Let’s Talk Period aims to change this by

Find out more about her campaign here.

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A former Assistant Secretary with the Ministry of Women and Child Development in West Bengal for three months, Lakshmi Bhavya has been championing the cause of menstrual hygiene in her district. By associating herself with the Lalana Campaign, a holistic menstrual hygiene awareness campaign which is conducted by the Anahat NGO, Lakshmi has been slowly breaking taboos when it comes to periods and menstrual hygiene.

A Gender Rights Activist working with the tribal and marginalized communities in india, Srilekha is a PhD scholar working on understanding body and sexuality among tribal girls, to fill the gaps in research around indigenous women and their stories. Srilekha has worked extensively at the grassroots level with community based organisations, through several advocacy initiatives around Gender, Mental Health, Menstrual Hygiene and Sexual and Reproductive Health Rights (SRHR) for the indigenous in Jharkhand, over the last 6 years.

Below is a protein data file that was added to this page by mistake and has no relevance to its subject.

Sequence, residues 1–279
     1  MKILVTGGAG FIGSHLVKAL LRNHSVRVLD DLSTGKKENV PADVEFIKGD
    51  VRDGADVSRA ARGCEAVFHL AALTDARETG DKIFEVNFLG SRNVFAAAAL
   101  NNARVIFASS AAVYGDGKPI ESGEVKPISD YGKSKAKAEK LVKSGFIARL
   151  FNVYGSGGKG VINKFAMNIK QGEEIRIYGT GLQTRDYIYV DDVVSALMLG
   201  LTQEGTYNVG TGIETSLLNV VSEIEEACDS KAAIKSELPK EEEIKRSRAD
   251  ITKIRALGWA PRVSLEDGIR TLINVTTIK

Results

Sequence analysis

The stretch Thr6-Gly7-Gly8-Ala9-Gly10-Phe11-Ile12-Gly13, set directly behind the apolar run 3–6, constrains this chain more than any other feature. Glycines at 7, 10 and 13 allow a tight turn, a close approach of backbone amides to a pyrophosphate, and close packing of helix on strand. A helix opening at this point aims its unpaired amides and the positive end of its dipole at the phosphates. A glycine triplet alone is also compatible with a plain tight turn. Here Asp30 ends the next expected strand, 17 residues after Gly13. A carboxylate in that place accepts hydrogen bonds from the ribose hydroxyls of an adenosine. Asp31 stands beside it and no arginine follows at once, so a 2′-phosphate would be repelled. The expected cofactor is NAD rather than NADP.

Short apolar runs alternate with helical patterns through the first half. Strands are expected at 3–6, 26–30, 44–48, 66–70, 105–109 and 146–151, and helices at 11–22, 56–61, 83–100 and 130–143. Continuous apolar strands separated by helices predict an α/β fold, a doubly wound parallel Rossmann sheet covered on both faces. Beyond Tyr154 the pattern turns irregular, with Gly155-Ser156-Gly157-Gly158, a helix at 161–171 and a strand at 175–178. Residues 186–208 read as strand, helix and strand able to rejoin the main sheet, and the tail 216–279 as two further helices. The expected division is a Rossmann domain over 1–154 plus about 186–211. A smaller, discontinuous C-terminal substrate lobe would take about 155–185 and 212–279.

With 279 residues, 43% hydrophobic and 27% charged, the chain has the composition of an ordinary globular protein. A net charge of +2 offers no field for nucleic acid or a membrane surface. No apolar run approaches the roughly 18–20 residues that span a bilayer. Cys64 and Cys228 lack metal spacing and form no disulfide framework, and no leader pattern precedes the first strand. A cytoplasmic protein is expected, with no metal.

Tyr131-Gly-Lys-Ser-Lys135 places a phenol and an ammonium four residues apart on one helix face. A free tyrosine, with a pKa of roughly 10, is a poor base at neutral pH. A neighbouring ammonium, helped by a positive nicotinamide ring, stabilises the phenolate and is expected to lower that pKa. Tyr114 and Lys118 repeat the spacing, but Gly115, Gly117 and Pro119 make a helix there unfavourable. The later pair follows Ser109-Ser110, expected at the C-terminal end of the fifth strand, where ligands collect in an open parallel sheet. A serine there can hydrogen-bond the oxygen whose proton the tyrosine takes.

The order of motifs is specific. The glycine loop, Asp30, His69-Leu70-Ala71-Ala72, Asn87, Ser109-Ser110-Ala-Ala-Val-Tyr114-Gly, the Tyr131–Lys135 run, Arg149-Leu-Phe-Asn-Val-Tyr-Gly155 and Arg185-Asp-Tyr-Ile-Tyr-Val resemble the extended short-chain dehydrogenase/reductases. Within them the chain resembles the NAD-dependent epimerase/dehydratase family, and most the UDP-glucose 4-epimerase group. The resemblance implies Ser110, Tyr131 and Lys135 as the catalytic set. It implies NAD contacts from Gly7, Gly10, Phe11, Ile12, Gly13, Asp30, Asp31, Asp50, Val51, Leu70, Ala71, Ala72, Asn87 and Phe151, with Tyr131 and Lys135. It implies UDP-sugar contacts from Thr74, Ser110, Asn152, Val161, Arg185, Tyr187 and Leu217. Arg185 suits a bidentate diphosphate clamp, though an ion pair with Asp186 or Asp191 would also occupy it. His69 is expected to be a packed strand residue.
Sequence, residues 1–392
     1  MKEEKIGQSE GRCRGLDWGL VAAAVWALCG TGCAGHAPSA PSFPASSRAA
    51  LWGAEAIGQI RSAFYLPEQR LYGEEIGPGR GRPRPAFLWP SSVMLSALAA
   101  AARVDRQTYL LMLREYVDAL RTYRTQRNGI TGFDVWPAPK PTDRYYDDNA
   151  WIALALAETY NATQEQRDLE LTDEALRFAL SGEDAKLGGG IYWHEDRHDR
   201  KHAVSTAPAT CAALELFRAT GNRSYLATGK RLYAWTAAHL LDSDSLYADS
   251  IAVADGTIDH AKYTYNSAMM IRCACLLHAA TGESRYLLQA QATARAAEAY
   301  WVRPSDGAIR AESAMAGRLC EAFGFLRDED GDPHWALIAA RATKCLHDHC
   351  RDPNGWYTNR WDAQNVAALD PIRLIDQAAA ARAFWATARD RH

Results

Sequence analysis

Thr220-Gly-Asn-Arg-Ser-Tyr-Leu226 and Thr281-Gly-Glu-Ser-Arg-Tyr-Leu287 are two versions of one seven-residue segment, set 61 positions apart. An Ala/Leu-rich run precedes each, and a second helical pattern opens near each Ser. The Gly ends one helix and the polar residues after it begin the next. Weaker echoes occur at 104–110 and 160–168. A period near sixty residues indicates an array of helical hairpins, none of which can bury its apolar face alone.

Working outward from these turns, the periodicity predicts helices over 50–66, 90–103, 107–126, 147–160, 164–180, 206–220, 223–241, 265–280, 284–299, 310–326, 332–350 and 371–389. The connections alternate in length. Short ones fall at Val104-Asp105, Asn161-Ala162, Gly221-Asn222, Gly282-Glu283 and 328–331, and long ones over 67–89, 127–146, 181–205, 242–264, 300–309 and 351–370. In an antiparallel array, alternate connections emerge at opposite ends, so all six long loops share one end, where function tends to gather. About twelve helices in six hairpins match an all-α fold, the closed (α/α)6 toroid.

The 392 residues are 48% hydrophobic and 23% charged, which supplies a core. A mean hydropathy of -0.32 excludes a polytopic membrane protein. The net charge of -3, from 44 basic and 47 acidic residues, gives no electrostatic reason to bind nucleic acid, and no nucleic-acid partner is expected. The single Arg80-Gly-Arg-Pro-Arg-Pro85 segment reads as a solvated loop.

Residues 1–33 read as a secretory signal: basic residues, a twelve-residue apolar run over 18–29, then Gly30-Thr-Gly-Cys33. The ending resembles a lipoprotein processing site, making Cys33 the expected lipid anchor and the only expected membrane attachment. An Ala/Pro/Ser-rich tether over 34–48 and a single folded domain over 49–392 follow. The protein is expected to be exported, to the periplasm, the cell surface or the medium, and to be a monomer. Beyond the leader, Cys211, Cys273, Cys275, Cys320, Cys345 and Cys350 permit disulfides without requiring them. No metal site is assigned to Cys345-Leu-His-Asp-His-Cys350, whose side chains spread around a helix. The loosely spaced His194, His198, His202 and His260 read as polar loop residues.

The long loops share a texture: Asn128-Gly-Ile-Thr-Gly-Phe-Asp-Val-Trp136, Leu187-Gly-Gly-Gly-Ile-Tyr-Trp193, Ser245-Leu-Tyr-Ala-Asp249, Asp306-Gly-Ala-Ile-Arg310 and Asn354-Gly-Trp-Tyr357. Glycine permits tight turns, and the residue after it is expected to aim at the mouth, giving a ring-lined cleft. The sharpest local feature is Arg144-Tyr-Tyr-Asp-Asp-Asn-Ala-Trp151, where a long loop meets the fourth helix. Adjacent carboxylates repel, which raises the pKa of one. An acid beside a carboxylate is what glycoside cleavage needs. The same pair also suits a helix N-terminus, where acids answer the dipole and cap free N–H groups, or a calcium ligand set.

Srilekha has also contributed to sustainable livelihood projects and legal aid programs for survivors of sex trafficking. She has been conducting research based programs on maternal health, mental health, gender based violence, sex and sexuality. Her interest lies in conducting workshops for young people on life skills, feminism, gender and sexuality, trauma, resilience and interpersonal relationships.

A Guwahati-based college student pursuing her Masters in Tata Institute of Social Sciences, Bidisha started the #BleedwithDignity campaign on the technology platform Change.org, demanding that the Government of Assam install
biodegradable sanitary pad vending machines in all government schools across the state. Her petition on Change.org has already gathered support from over 90000 people and continues to grow.

Bidisha was selected in Change.org’s flagship program ‘She Creates Change’ having run successful online advocacy
campaigns, which were widely recognised. Through the #BleedwithDignity campaign; she organised and celebrated World Menstrual Hygiene Day, 2019 in Guwahati, Assam by hosting a wall mural by collaborating with local organisations. The initiative was widely covered by national and local media, and the mural was later inaugurated by the event’s chief guest Commissioner of Guwahati Municipal Corporation (GMC) Debeswar Malakar, IAS.